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OPINIONS

Problems with persistent DNA databases

Curiosity about where one comes from is a natural, human instinct. Everyone wonders who their ancestors were, where they came from, and what they looked like. Companies like 23andMe and ancestry.com have risen in response to these longings, allowing people to learn about the ancestors by taking DNA tests. Although they have found some success in quenching this need, they have also been dogged by privacy concerns.

Recently 23andMe announced that it had received four requests for DNA information from federal authorities over the past nine years. Though 23andMe denied the requests, the statement indicates that there is police interest in information held by companies like 23andMe.

This is a problem because accusing people based on DNA information gathered from ancestral websites can lead to wrong accusations. For example, in December 2014, 36-year-old filmmaker Michael Ursy was wrongly accused of being a suspect in the unsolved 1996 murder of Angie Dodge.  Detectives investigating the mystery used familial searching, a technique that identifies suspects through DNA analysis by examining the Y chromosome. A promising match was made between the test sample and the genetic profile of Michael Ursy’s father — who had submitted his DNA to the Sorensen Molecular Genealogy Foundation, a company acquired by ancestry.com. The match showed that the suspect could not be the father, but could be one of his relatives.

Since Ursy’s name was under a protected section in the database, detectives presented a court order to ancestry.com and obtained Ursy’s name. Deductive reasoning and Facebook searches ultimately lead detectives to identify Michael Ursy as the suspect. After accusing Ursy, a semen test was conducted, and it revealed that Ursy was, in fact, not involved in the murder. Though Ursy was immediately cleared, the case shows the perils of letting federal authorities have access to DNA collected from companies like ancestry.com.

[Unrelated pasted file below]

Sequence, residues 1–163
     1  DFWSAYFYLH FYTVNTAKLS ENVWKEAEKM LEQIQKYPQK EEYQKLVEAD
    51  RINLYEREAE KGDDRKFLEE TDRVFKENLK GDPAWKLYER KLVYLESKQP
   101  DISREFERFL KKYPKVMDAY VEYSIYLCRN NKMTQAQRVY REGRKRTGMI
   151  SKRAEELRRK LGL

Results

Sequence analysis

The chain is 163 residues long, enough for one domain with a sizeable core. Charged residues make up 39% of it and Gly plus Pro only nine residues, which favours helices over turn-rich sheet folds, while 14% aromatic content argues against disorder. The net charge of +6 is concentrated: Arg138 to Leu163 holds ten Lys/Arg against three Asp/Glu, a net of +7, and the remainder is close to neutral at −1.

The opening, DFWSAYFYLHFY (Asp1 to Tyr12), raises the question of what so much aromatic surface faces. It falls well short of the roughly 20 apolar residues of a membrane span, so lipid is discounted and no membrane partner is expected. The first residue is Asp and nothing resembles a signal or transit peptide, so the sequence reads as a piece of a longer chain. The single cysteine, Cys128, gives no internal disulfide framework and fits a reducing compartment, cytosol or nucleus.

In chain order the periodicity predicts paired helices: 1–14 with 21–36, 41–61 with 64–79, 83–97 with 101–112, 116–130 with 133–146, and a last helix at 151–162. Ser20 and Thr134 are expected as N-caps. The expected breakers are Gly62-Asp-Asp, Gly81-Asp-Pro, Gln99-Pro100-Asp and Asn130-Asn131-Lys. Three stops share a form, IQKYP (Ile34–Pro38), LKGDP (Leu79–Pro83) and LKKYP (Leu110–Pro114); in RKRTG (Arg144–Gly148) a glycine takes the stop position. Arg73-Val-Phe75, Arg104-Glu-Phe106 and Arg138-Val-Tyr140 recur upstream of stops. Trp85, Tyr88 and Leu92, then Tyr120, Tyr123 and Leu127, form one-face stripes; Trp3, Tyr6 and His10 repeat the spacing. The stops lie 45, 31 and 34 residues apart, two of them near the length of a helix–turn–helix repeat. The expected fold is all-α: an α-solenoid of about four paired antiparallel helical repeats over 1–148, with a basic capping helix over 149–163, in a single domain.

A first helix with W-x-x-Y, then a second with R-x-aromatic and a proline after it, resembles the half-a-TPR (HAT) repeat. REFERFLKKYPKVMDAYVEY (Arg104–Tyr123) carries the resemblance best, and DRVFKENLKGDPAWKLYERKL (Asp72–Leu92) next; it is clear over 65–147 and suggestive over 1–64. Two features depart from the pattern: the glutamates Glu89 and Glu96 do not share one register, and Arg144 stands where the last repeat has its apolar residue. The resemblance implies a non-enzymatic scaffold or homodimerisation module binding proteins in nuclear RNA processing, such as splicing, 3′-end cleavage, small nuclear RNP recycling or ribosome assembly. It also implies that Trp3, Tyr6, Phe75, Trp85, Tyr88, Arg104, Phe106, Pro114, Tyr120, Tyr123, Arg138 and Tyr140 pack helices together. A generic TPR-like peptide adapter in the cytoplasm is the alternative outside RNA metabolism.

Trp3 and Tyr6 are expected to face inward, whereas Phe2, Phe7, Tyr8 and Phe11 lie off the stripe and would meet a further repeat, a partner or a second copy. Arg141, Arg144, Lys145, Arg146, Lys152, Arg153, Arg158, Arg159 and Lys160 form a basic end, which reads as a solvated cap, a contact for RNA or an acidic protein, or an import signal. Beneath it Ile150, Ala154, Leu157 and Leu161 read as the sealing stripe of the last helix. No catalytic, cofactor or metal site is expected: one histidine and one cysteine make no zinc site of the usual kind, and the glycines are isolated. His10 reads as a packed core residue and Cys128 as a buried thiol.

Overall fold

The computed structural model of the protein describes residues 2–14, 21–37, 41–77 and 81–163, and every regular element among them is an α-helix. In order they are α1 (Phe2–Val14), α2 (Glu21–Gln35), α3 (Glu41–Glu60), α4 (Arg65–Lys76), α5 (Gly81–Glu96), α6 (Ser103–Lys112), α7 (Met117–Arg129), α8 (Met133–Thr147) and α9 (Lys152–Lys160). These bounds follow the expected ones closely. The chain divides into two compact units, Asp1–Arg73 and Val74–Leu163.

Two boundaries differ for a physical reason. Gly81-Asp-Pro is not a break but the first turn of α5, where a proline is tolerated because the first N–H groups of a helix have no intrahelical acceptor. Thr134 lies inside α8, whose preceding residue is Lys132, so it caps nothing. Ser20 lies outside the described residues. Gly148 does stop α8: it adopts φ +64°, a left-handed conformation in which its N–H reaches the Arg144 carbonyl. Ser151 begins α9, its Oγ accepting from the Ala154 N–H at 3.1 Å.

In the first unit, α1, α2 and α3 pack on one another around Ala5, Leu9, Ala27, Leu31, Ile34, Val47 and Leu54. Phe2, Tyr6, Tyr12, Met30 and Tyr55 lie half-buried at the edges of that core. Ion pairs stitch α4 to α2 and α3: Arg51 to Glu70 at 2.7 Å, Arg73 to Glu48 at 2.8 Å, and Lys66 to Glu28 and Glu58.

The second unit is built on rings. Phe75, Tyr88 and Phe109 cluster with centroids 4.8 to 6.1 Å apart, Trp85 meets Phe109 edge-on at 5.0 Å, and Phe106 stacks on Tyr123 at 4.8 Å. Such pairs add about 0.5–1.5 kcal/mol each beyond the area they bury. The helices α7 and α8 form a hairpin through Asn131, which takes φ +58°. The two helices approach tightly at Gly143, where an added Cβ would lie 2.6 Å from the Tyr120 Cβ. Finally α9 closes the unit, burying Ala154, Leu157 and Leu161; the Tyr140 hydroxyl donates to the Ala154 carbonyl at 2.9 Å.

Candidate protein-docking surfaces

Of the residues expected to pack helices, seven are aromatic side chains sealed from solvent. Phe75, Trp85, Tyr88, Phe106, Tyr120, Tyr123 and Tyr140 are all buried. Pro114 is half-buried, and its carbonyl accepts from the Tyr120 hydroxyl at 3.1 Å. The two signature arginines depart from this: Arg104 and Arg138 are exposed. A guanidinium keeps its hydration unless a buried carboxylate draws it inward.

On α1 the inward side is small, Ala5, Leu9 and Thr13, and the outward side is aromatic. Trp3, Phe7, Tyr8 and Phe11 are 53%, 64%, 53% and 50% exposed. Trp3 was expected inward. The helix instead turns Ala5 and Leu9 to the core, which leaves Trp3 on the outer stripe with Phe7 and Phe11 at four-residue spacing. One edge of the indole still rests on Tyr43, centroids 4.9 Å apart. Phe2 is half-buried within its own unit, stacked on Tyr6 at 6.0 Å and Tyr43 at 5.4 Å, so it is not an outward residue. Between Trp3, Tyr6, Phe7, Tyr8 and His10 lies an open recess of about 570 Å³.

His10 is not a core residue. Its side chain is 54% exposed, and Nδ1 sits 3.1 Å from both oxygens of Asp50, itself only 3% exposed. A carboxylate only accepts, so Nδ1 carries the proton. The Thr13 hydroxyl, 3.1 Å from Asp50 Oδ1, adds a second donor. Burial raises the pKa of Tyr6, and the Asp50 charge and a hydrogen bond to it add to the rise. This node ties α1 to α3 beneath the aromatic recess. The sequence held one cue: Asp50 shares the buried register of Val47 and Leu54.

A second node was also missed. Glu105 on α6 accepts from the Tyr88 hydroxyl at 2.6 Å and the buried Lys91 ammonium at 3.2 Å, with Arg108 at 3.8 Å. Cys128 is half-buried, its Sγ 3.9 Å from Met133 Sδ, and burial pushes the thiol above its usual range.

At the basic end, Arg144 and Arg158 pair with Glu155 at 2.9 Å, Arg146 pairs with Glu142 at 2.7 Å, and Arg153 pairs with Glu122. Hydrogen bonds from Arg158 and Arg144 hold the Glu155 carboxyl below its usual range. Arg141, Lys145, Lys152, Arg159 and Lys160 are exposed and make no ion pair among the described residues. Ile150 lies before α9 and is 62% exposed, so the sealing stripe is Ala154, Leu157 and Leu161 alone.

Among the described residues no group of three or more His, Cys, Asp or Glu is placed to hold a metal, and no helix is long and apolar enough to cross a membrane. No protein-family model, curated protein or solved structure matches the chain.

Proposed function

Wild-goose criminal chases that could result from police access to DNA from ancestral searches are not the only problems with companies like 23andMe and ancestry.com. Such companies can also reveal information about whether or not a person may have a tendency to develop certain life-threatening diseases.

However, there is a darker side to this than coping with news about genes that may lead to ailments.

Analogous to Google—a company that makes over $10 billion dollars a quarter because it helps advertisers target people based on their searches—there is a potential risk that these companies could monetize the information they receive from people trying to fill out their family tree by selling the information to insurance companies.

While Google’s use of the information at their disposal is often relatively harmless, giving insurance companies access to the information in databases containing individuals’ personal health information would have disastrous consequences. Certain insurance companies could abuse the information they receive, and can refuse to insure a person if they deem that person a poor risk. This recently happened to Jennifer Marie, a woman who was denied life insurance because she tested positive for the BRCA1 gene, which can lead to breast cancer. These same insurance companies could also charge exorbitant rates because they want to be sufficiently compensated for taking on the increased risk indicated by a DNA test.

Anne Wojcicki, the CEO of 23andMe brushes off complaints about healthcare companies abusing information they may seize by citing the 2008 Genetic Information Nondiscrimination Act (GINA), which “protects individuals from genetic discrimination in health insurance and employment.”

But there is a loophole here. GINA does not mention life insurance companies, which could still deny people insurance based on their genes, as indeed happened in the case of Jennifer Marie.

Ultimately, deciding whether or not one should quench their thirst about where they come from using services such as 23andMe and ancestry.com is a personal decision. However, it is important to ask questions about the motives and consequences of companies that use electronic databases to store acquired DNA information.

Contact Ramya Balasingam at ramyab ‘at’ stanford.edu.